Are We Approaching a Possible Home Buyer Shopping Criteria Shift?

Carlee Hjelm
Carlee Hjelm January 13, 2021
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Are We Approaching a Possible Home Buyer Shopping Criteria Shift?

How has the pandemic shaped what a buyer is looking for in regards to their home purchase needs?  How has the average American lifestyle been changed?  On a large picture scheme it’s pretty safe to say that generally more people are spending more time at home. It is their safe place. Our direction and orders from the authorities in the State of Washington have been to minimize any kind of extracurricular activity and re-invent what our work and school module has looked like. Many new adaptations are taking course and it may just change what a home buyer’s expectations are moving forward in this market.

Let’s think about this – if my home becomes my gym, my children’s school AND my work environment… is it big enough? The days of being able to leave your house and enter into a new setting to get these dimensions of your life satisfied may not exist currently, and a timeline for them to re-open has not be established. So wouldn’t it be comforting to know that your home at least has the square footage and a canvas to create that virtual yoga room you crave or the well-equipped home office you desire? That your new home has some autonomy to play and create within it? Is the yard big enough to give my children and pets wiggle room if the local park or dog park is no longer in full swing? These are all questions a buyer may be entertaining that possibly would not have been a factor pre-COVID-19.

Does location or commute time to work play a factor into a buyer’s shopping experience? With the shift in society- many establishments and businesses are allowing or encouraging their employees to work from home to limit exposure. It will be interesting to see when it is safer for employees to be back in the work place how many will choose to continue to work from their homes? Some may choose to work from home still. This makes the commute process easier for others who will continue to travel to work as the traffic may not be as congested and in return better the quality of the life of the “commuter”.  In other words , whether a buyer chooses to work from home or commute - location in respects to the buyer’s work place may no longer be as impactful.

To homeschool or not to homeschool? Many parents have become more open minded to homeschooling vs using public schooling or private school. The experience of the pandemic has created a homeschooling experience for families who have never been introduced. With parents wanting to feel more empowered in their children’s education, some families have welcomed the module of homeschooling and do not need to pursue homes in particular school districts. This really opens up a home shopping experience when you are not limited to specific school district boundaries.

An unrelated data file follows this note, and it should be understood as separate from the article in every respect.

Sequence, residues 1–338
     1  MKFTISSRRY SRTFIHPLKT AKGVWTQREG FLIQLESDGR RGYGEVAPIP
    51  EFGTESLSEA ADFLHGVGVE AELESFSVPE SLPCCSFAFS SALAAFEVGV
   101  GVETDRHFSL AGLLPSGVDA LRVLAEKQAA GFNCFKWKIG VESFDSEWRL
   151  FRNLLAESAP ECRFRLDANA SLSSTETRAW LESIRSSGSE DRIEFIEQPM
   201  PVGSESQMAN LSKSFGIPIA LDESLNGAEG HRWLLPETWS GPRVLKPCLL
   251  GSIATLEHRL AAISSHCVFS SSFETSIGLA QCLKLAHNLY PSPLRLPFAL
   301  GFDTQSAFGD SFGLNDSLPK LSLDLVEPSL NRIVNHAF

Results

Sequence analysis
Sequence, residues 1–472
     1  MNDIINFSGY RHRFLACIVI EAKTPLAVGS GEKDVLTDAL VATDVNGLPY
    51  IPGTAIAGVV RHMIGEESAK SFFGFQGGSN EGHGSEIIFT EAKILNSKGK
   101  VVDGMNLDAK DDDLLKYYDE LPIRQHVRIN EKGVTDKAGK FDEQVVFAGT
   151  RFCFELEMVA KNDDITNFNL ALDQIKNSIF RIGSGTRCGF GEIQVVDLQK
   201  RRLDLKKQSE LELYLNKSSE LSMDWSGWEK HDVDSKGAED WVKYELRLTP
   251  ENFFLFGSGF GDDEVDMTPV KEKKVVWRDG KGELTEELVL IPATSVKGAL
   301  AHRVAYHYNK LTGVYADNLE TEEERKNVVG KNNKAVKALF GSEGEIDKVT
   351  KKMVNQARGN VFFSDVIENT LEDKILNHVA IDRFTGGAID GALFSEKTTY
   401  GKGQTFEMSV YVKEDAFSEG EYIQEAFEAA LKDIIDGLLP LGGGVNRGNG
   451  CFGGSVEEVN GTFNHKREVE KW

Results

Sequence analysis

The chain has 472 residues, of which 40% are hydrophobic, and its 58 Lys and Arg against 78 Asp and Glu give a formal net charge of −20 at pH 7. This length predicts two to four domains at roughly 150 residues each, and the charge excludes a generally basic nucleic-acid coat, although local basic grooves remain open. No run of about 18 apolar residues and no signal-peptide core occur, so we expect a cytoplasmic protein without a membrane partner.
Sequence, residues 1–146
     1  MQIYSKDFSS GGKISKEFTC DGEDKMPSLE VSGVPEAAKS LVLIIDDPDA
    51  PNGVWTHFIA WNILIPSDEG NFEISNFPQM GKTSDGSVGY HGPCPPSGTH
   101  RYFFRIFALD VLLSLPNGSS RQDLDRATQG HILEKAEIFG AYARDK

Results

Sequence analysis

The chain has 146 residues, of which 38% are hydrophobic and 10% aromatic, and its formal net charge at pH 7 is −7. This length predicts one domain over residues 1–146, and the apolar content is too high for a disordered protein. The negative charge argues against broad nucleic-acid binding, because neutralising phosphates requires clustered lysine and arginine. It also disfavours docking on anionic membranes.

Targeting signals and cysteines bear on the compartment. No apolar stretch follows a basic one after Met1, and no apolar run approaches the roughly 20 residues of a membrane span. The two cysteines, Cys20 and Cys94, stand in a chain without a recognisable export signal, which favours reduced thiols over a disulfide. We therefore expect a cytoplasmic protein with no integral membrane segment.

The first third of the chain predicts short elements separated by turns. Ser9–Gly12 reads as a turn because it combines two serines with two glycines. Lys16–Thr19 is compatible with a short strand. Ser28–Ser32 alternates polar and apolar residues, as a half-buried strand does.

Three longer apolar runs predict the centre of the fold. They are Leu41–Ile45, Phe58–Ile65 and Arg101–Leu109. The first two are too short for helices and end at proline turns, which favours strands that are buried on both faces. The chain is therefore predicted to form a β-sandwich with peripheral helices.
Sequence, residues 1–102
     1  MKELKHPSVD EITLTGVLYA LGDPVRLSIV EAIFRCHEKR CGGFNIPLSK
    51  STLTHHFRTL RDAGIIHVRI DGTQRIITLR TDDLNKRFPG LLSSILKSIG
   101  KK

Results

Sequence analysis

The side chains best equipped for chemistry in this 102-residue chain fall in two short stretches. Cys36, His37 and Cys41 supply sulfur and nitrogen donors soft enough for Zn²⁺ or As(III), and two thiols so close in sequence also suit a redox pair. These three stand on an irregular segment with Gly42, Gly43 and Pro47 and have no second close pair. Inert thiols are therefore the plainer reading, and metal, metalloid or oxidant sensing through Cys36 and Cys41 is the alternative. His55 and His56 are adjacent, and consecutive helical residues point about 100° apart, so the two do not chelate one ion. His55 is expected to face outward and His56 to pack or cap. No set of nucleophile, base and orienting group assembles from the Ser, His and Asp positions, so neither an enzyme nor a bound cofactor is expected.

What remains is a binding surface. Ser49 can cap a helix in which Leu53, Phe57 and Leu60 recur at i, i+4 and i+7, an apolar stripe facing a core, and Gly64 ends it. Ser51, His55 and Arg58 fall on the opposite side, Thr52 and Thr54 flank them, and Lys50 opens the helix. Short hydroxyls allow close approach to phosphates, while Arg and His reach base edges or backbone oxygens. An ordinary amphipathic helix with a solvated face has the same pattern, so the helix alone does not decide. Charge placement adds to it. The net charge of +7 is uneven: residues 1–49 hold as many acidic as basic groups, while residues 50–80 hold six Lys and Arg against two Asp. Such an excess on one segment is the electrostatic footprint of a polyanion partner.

Being in close proximity to shopping malls, eateries or grocery stores may also not be of upmost importance to buyers when pursuing a new home to purchase. Direct-to-door delivery and shipping services seem to be a favorable option to people. Convenient resources such as Amazon, Instacart and Uber Eats have become well known to the American family.

Rural areas may become more favorable to home buyers as some may experience a level of comfort distancing themselves from the population. Their thought life may be more along the lines of quality interactions with others vs quantity. Rural neighborhoods decrease exposure levels and health risks of homebuyers and their families.

These are just a few economic influences or changes that may alter the mindset of the buyer moving into 2021. As a person’s ideals and beliefs may change in these different times - their values change and envisioning how their home fits into those parameters may bring up a different list of needs in comparison to their past shopping experience. In the end, everyone’s criteria and quality of life is different. It is not a one size fits all. However, in these changing times the considerations I mention may be influential to one’s home shopping experience.

We may see a shift in what buyer’s expectations are or the falling off of previous expectations which is  good information for us as real estate agents. A great real estate agent aims to meet the needs and wants of our clients. Keeping an open mind in this new way of living may help us customize our service better to those seeking our help.  Asking questions is a good start. A buyer’s work life, school life, home life and where they see themselves is significant to our home shopping process. A great real estate agent can help a buyer manifest their vision and tailor it to their current lifestyle.  This will save energy and provide clarity for all parties involved. These are fundamental changes as we consider new post-pandemic adaptations to the home buying experience.

As we enter this new year, we are hopeful of a entering a healthy frontier. I find great joy in helping others to move forward in their personal goals and dreams of home ownership. It is safe to say that a “home” provides a more profound meaning to many and finding that compatible fit is very rewarding!

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Carlee Hjelm
Written by: Carlee Hjelm